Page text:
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Fast Pitch: Playing the waiting game with employers

February 21, 2011

So, the hard part’s over, right? You chiseled your resume into a stunning piece de resistance, you got a tip from a buddy’s friend that your dream employer was looking for interns, you wrote a stirring cover letter and applied on – and now, the nail biting begins.

Of course, you know that anything you want this bad won’t come without competition. In all likelihood, there are probably a lot of qualified candidates who have done the same. And the suspense of not knowing if you’ll even be contacted can make hours seem like weeks, and weeks seem like eons.

So what do you do now? Here are a few pointers:

1.,,)    Keep applying. It may seem exhausting to put another spirited effort into an application that just isn’t as exciting as the opportunity you really want. But making other plans isn’t just important for the obvious reasons. It also will help keep your mind from racing and your stomach from doing bellyflops. The more you sit on your hands, the more you’ll be prone to theorizing about why you haven’t heard back yet – and, believe me; most of your theories will be paranoid and entirely wrong.

2.)    Continue to do background research on the employer you applied to. If you can’t keep your mind off the prize for a few days, at least channel that anxiety into something helpful by becoming more familiar with the history of the organization – who founded it, what their background was, what drives its business model and where it has an opportunity to expand. If you already know these things, you can make a list of lingering questions you have about the internship and save them for your interview.

3.)    Plot answers to some of the common tough questions interviewers will ask to determine if a candidate is serious and has clear goals. One way is to switch up roles with a friend. Draft up five “nightmare questions' – ones you think an employer might realistically ask that could expose perceived weaknesses in your background. Then, ask your friend to answer them as if he or she was you. You’ll probably be surprised at what an outside observer can come up with – and even if you can’t find the perfect answer to everything, playing through the role of the interviewer can boost confidence and give you an enhanced sense of control when you go through the real thing.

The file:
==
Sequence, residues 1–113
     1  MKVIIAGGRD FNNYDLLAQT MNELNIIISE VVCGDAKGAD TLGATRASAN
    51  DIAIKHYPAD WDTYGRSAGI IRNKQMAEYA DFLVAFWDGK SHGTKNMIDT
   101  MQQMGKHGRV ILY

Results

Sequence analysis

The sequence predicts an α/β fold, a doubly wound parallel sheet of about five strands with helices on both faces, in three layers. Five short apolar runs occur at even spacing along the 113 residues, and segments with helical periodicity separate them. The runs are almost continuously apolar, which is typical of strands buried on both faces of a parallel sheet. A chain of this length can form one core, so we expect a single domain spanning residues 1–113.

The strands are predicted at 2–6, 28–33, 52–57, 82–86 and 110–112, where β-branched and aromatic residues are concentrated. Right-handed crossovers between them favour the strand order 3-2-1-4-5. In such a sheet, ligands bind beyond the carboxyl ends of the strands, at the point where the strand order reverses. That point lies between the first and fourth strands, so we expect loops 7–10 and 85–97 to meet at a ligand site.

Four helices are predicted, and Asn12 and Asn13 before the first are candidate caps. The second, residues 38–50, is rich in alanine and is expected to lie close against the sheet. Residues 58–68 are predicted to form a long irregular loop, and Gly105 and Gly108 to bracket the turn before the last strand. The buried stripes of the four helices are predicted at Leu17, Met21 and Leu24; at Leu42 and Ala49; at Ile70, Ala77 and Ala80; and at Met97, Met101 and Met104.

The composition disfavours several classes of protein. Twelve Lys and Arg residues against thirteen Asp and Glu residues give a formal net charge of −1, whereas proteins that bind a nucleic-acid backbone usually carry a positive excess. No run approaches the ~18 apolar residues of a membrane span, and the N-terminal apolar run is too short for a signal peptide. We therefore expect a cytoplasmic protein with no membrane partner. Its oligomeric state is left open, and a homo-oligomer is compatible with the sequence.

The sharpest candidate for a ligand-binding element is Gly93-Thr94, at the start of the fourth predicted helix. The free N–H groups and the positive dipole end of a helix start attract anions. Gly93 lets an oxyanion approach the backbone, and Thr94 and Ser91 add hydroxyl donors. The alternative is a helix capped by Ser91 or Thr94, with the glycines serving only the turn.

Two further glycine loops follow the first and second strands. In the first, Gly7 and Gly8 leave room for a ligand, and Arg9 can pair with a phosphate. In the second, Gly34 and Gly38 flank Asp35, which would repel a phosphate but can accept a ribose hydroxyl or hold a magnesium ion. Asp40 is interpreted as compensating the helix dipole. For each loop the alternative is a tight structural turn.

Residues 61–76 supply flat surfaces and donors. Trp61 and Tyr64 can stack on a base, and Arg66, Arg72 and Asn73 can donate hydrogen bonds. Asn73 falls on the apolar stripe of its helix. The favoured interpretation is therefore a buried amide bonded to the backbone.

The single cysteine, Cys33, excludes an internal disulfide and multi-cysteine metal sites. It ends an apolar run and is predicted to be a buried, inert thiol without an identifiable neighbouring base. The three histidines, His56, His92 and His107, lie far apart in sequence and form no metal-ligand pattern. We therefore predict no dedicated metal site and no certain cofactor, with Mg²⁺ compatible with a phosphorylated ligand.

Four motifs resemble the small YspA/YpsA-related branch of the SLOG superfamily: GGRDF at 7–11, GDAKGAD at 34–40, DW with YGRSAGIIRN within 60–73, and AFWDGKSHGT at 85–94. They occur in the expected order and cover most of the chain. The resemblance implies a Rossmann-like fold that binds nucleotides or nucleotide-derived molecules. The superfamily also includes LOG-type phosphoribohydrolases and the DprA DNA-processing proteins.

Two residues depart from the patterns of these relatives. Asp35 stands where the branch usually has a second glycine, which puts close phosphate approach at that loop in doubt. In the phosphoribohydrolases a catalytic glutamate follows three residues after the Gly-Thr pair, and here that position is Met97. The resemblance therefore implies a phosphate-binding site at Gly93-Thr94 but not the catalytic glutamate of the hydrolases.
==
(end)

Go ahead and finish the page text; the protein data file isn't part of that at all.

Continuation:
4.)    DON’T call back in the first week. You’ll hear a lot of advice about how important it is to follow up, and it can be. But if you call too soon, you might scare off a nice baby who’s ready to party. Wait – nevermind, that’s what Trent said in Swingers. But the concept applies here, too. You need to give employers a suitable amount of time to process your information and weigh it against other candidates, bearing in mind that they have jobs to do every day that are probably taking precedent over their intern search. If you don’t give that time, it comes off less like enthusiasm and more like disrespect.

5.) DO contact the employer politely (if they haven’t specified otherwise). If the person reviewing resumes is still actively working on recruiting a candidate and you haven’t been contacted after a couple of weeks, odds aren’t greatly in your favor – unless the employer’s first choice backs out. But it’s also very common for employers to just forget about their internship search when work gets really busy. Instead of asking what happened to YOUR application, send a polite and brief e-mail asking whether the company is still considering intern candidates. The more simple your question, the more likely you’ll receive an answer that can point you toward the next step.

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